Sunday, 21 June 2015

1884-08-11 Daily Events in August 1884

In every issue of the Hamilton Spectator for many years was a feature which appeared at the upper left hand corner of page 4, the page where most local news was presented.

The feature contained short, point-formed tidbits of local news and it always carried the headline, “The Diurnal Epitome : What Goeth On In and About the City : Items of Local News Gathered by Special Reporters and Presented in Attractive Form for the Interested Reader.”

Among the items in The Diurnal Epitome for August 11, 1884 were the following quoted as appeared with a little extra explanation which readers in 1884 would not have required) :

-      Somebody stole a velocipede (an early kind of bicycle) from in front of Thomas Bogges’ second-hand store.

-      Yesterday’s temperature as registered at Harrison Bros.’ drug store : 9 a.m., 66 degrees; 12 noon, 2 p.m., 77 degrees.

-      Weather probabilities for today : light, variable winds; fair warm weather.

-      The asphalt walks laid in the market are the best that have been put down in the city. They are much more even than the others and consequently far nicer to walk on.

-      The sidewalks on Hughson street north, near Barton street, are in a disgraceful state of repair, and on dark nights, it is almost impossible to walk in that direction without damaging the sympathetic shin.

-      An excursion of the Royal Templars of Temperance from Collingwood, Barrie, Beeton, Georgetown and other points along the N. & N. W. railway (North and Northwestern Railway) will be run today. The members of the order here will receive the excursionists.

-      Early Monday morning Boyle’s Dundurn hotel was burglarized and 50 boxes of cigars and a bottle of whiskey were taken. No money was extracted from the till for precisely that you cannot get blood from a turnip – there was none.

-      Chief Stewart has returned and resumed active work. He had the new police wagon tried yesterday. He was very much pleased with it and found that it equaled his most sanguine expectation. (Hamilton Police Chief had been on a temporary leave of absence as he had been asked to help collect evidence for the trial of Louis Riel.)

-      Prof. Gant has been elected drum major of the Union coronet band. There were several applicants for the position, and the professor was elected by a vote of 15 to 1. Whenever the band appears after this the public ay expect something swell in the matter of appearance and something fantastic in the way of staff manipulation. (‘Professor’ Jesse Gant was a black man and one of the best known Hamiltonians of the day. A barber by profession, he was also a singer, dancer, boxer, debater, kite flyer and much more – he was the self-described ‘spokesman for the colored population of Hamilton” and frequently wrote long, scathing letters to the local press when he encountered racial matters which need to be pointed out. Gant’s athleticism and flamboyance would be welcomed as he led the brass band on parade.)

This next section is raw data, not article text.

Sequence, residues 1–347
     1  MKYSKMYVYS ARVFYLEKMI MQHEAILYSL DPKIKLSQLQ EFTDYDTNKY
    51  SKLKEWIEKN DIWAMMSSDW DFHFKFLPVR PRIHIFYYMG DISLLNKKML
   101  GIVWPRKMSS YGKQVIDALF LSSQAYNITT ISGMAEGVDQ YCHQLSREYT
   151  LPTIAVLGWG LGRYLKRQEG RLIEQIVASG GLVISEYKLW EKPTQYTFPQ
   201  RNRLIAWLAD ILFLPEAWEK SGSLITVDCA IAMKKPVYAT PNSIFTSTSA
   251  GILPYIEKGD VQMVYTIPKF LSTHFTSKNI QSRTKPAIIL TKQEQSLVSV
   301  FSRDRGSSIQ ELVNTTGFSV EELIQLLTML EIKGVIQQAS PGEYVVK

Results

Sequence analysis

-      Toronto Globe : Fisheries Inspector Kerr, of Hamilton, who is making a report to the Government on the dead shed in the lake was in town yesterday. He says there are plenty of live shed and a few dead ones in the reservoir at Hamilton. They probably reached the reservoir while the filtering basin was being repaired a few years ago. (Hamilton’s water in 1884 was pumped from Lake Ontario through a sand filtering basin on the beach, and then further pumped into a huge reservoir on the side of the escarpment, then distributed from there throughout the city.)

-      The sewer on Victoria avenue between Robert and Barton street caved in yesterday afternoon, and a portion of the street went down with it. A horse fell in during the afternoon, but fortunately was not  seriously injured, though corporation laborers had to dig it out. The buggy attachment lingered on the road when the horse went own, but was not broken.

-      A gentleman who lives on Cannon street near the southwest corner of it and Wellington streets, owns a water spaniel. The water spaniel bites. It carried off a small section of a SPECTATOR reporter’s trowsers and legs last evening, and seemed anxious for more. The gentleman who owns the dog will consult his own interests by getting rid of it. It will be cheaper than paying a fine.



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